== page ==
Dambasis managed to interview a Greek woman named Maria who came from Eskishehir. He approached her one day and asked her “do you want to go to Greece, Maria?.” “I want [to go]”, Maria replied. “Then be ready to go with the ‘exchangeables’. But be careful not to say anything to anyone”, Dambasis said. “Will I go alone? What do you mean by alone,” Maria inquired. She understood the meaning of the term alone and that she couldn’t take her two children to Greece and told Dambasis, “well, then I’m not leaving.” The feeling of motherhood prevailed.
In another case, Miliotis asked the Ankara police to intervene to let free a Greek woman with whom he was related. When she learned of this, she protested his intervention and remained close to her Turkish husband. As Dambasis states, “of course, this cannot apply to all Greek women because many of those detained will wish to come to Greece.” Reading between the lines, this was a long-drawn-out issue and the Greek government had to take a serious interest in using the special provision of the Treaty of Lausanne. Dambasis fails to mention exactly what this special provision in the treaty says. He may be referring to articles 37-45 dealing with the rights of minorities.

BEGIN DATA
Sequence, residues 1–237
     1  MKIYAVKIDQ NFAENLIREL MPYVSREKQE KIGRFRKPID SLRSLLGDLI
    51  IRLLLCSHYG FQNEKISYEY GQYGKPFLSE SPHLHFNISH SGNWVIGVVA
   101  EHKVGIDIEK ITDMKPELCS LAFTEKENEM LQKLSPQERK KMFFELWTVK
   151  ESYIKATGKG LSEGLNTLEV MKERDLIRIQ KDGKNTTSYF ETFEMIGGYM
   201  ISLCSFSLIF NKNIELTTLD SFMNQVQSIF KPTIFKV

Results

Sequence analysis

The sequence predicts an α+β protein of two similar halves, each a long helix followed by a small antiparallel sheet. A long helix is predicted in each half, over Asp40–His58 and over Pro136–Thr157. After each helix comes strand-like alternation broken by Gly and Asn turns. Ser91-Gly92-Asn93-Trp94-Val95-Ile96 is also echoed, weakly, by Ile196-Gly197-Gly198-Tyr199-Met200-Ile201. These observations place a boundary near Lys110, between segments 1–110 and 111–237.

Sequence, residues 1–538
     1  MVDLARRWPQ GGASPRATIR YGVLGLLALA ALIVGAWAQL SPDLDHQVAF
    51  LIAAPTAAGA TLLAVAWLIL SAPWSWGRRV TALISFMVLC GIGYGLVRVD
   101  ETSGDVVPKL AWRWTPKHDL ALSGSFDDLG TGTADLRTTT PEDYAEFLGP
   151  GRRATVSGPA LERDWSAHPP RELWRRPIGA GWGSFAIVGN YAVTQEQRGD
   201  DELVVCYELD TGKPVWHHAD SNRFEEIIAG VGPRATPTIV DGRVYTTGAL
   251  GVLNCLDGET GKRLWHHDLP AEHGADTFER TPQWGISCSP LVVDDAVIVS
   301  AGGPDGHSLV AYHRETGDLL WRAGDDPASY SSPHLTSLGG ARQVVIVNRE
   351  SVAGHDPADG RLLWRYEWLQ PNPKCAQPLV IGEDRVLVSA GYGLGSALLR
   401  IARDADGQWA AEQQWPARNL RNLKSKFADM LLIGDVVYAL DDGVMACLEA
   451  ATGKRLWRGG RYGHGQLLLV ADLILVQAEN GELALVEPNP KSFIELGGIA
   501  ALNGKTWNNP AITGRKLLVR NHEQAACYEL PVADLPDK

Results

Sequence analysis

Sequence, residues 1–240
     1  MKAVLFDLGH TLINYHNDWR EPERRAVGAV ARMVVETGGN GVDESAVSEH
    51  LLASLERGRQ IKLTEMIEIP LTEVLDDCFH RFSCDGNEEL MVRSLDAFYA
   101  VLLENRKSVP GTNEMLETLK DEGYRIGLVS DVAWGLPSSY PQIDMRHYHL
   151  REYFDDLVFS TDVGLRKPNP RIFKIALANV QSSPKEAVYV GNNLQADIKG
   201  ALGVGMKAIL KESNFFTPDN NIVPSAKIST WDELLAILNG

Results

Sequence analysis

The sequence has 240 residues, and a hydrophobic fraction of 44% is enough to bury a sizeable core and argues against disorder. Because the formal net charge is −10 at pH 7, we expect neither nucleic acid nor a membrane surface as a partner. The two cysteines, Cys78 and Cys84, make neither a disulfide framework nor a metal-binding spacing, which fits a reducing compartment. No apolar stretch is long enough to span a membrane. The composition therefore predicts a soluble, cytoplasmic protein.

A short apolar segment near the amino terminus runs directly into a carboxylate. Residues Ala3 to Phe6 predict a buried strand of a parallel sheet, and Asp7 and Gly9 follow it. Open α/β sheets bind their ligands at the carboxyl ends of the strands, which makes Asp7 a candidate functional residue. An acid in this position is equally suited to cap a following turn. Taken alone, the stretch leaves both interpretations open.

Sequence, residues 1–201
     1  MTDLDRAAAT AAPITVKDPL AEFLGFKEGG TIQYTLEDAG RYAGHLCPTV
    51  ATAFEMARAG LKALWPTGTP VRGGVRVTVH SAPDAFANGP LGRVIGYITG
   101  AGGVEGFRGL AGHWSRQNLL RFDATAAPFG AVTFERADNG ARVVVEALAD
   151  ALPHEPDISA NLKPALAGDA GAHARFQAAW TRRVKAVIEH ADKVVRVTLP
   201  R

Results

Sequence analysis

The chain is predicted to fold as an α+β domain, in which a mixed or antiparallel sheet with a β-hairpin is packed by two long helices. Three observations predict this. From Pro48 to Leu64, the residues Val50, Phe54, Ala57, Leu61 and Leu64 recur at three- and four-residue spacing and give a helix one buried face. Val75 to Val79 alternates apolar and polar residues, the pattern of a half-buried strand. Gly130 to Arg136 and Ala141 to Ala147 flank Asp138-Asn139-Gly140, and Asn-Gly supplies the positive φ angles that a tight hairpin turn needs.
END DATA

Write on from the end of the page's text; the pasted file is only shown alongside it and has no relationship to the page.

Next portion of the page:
“The matter concerning children is even more difficult. The Turkish government must force various Turks to hand over the children they kidnapped both before and during the Asia Minor disaster,” Dambasis stated. He outlines that Christian children were kidnapped by the Turks who all converted to Islam. He doesn’t reveal if they are boys or girls. The former were adopted by Turkish families with the latter ending up in harems. These children were separated from their Greek parents for many years and they had forgotten their identity, language, and culture. Such returnees might have found it difficult to adjust to life in Greece.